This storage engine was one of the first. Locking is done at the table level so that can be a bottleneck very quickly for highly concurrent applications.
It does not support transactions; however, it does support fulltext indexes, which can certainly come in handy for some applications.
With MyISAM, each table has three files, one for the table data, one for index data, and one for the definition or frm file.
MySQL can allocate a key cache for MyISAM index data, however caching of the table data is left to the filesystem.
So be sure to leave enough memory to the OS if you are using large MyISAM tables.
MyISAM supports some table repair after a crash, but does suffer from corruption more often than other table types, such as InnoDB.
This storage engine is optimized for high speed inserting, and compresses data as it is inserted.
As of 5.1 indexes can be added on these tables, so they might make sense on a replicated slave where you want to do reporting, as slaves do not have to use the same storage engine as the same table on the master.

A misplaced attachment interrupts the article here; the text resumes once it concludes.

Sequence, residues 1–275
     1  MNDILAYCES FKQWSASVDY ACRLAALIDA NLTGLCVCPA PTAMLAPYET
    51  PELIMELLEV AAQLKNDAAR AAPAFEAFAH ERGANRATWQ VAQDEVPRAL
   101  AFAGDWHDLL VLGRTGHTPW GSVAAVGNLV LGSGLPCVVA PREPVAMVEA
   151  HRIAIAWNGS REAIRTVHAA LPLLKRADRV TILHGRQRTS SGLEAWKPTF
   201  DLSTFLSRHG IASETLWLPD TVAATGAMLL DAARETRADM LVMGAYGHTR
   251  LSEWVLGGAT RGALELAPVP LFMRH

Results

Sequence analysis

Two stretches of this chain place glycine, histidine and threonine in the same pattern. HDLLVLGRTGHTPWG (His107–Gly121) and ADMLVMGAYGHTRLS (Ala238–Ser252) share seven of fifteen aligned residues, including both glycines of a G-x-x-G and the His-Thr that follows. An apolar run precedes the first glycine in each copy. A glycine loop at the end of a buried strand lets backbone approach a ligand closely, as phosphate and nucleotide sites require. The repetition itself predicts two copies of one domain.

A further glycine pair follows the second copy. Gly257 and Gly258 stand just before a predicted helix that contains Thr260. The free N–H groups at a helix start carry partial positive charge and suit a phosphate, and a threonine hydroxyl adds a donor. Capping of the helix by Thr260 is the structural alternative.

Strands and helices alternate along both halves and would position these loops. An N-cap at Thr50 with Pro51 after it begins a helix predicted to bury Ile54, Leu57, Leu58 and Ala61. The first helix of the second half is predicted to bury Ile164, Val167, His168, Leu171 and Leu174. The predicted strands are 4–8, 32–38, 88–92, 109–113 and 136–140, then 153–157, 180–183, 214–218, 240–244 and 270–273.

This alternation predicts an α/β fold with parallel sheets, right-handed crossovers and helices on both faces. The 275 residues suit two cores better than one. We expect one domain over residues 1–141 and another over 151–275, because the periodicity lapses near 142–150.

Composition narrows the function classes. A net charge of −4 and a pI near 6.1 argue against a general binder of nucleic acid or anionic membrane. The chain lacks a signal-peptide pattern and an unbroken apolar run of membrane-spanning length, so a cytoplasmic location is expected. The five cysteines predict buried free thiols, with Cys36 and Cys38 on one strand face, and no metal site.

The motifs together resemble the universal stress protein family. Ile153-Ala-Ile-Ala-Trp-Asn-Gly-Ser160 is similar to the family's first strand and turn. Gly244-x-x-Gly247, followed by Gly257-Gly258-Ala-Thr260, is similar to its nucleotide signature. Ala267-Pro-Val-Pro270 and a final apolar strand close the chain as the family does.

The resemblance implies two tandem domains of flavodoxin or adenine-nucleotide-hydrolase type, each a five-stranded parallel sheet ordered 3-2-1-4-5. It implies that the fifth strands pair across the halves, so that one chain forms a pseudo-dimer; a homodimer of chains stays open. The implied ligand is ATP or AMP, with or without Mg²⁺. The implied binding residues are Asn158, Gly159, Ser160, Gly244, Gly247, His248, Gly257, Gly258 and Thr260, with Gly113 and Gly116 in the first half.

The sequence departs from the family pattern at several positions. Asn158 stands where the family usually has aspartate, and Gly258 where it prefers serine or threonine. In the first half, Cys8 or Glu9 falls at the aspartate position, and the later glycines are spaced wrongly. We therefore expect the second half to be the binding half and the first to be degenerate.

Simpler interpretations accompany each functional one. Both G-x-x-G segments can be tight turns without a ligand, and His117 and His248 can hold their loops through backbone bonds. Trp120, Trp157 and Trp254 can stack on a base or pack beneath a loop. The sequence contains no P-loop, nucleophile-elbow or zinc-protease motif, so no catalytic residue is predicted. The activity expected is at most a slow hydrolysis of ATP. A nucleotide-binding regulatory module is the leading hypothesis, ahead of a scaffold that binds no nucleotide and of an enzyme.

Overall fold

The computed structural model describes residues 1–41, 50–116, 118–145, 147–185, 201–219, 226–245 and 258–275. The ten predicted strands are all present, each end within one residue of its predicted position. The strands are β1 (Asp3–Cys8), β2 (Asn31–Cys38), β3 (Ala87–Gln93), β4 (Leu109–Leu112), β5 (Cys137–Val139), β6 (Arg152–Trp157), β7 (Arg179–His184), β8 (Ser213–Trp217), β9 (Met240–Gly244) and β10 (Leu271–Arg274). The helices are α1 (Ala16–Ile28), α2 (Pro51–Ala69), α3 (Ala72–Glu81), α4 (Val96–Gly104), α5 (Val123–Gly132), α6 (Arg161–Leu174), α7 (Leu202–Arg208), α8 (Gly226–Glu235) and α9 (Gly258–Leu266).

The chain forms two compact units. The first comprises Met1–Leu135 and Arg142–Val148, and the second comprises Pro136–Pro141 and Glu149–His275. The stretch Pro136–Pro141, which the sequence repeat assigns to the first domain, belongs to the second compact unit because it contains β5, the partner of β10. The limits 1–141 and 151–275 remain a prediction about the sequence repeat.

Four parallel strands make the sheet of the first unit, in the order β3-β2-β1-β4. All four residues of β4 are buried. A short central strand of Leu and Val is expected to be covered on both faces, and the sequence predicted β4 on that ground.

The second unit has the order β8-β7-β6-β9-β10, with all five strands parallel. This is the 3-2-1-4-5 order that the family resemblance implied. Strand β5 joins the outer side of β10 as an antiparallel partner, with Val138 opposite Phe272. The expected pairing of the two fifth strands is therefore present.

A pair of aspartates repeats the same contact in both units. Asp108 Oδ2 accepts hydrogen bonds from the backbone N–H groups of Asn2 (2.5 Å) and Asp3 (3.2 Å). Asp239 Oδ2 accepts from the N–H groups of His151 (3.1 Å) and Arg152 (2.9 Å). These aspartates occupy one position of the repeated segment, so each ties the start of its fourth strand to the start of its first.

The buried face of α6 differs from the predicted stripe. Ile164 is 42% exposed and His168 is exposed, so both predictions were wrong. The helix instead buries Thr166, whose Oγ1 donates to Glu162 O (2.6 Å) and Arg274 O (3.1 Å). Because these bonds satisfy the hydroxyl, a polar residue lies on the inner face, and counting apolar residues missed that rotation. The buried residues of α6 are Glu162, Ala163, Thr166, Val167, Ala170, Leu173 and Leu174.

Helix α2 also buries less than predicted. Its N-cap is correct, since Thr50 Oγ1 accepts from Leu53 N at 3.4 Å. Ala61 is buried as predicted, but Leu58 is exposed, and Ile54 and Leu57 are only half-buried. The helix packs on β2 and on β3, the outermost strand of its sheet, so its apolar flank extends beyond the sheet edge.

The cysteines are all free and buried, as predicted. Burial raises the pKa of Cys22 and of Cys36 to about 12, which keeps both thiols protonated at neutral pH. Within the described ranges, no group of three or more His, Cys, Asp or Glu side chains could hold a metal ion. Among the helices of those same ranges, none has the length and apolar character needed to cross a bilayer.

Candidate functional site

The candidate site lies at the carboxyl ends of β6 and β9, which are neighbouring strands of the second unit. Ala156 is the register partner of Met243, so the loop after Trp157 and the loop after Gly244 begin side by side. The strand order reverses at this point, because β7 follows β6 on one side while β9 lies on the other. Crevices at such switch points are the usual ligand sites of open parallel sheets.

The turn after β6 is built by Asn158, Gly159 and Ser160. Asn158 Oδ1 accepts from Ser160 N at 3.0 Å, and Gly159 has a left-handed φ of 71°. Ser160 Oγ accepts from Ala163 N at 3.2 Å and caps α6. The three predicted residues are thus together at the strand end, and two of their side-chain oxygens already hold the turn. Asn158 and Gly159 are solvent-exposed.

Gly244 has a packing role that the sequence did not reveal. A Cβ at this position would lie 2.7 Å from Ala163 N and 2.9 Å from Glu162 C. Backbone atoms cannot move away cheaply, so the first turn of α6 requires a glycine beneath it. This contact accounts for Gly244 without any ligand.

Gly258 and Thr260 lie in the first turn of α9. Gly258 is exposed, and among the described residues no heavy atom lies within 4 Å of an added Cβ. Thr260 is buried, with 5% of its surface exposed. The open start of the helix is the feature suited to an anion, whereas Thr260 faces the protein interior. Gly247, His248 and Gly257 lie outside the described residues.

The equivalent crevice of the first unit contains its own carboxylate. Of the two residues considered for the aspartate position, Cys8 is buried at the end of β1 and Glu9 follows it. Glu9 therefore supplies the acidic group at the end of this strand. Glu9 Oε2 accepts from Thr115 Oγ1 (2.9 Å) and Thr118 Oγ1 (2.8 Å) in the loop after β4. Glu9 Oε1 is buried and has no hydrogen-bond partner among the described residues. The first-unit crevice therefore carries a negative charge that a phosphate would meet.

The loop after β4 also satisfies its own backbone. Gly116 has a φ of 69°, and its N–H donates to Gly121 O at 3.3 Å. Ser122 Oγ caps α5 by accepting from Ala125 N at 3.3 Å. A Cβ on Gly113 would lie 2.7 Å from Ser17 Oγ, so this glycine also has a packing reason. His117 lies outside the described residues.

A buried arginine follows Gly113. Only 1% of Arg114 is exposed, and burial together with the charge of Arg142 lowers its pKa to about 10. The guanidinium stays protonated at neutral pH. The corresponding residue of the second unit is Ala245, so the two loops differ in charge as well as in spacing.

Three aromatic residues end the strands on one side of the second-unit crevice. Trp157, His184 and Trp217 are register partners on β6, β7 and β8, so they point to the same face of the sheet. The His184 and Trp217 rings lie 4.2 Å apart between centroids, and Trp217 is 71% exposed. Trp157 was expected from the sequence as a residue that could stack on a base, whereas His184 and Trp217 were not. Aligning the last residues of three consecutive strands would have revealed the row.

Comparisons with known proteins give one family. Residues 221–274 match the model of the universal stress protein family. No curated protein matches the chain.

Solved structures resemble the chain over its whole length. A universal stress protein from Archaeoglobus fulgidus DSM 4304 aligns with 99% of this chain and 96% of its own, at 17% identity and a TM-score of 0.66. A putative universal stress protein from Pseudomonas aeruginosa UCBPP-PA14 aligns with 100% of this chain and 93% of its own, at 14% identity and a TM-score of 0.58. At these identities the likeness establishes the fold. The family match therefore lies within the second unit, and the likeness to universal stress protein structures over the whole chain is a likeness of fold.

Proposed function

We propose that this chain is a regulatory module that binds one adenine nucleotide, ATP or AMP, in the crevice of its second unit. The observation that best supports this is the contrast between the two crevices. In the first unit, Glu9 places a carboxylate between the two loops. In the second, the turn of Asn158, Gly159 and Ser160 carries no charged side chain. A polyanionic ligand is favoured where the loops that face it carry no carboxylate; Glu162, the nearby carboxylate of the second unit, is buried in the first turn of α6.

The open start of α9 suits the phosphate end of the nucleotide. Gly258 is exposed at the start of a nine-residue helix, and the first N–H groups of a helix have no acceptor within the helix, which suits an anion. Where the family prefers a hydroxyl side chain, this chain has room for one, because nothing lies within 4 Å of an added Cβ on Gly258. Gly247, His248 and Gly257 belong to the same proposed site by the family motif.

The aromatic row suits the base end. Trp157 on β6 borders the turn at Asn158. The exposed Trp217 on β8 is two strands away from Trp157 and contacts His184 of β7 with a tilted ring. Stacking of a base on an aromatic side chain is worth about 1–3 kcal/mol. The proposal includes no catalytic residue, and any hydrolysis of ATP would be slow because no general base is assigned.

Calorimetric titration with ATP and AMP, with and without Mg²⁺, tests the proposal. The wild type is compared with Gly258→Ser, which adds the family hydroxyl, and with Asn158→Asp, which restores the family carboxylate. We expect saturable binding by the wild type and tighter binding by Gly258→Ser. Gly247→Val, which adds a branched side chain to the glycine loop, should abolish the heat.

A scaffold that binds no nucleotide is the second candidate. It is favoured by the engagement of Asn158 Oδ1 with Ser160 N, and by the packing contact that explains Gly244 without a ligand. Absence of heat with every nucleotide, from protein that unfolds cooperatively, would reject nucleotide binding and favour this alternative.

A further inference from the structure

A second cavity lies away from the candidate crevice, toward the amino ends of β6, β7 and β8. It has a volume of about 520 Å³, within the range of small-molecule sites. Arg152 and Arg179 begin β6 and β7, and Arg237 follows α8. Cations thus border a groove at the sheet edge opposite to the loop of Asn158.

It does not support transactions.
Perhaps the best-known storage engine, InnoDB, supports row-level locking and multi-version concurrency control.
This means in high concurrency applications such as web-facing ones, InnoDB is ideal. InnoDB stores data in tablespaces although the underlying storage is managed internally.
It reads and writes data in chunks called blocks, and caches in a configurable buffer cache both data and index blocks.
InnoDB also supports crash recovery.
If you pull the plug on the box, and then reboot, when MySQL starts up, it will rollback all standing and open transactions that were interrupted by the power failure.
The Merge storage engine operates on underlying MyISAM tables similar to how a VIEW would. In other words, it's not storing data itself per se, but providing a container of sorts for them.
As it turns out this code is very closely related to how partitions are handled and created.
Merge tables help you manage large volumes of data more easily.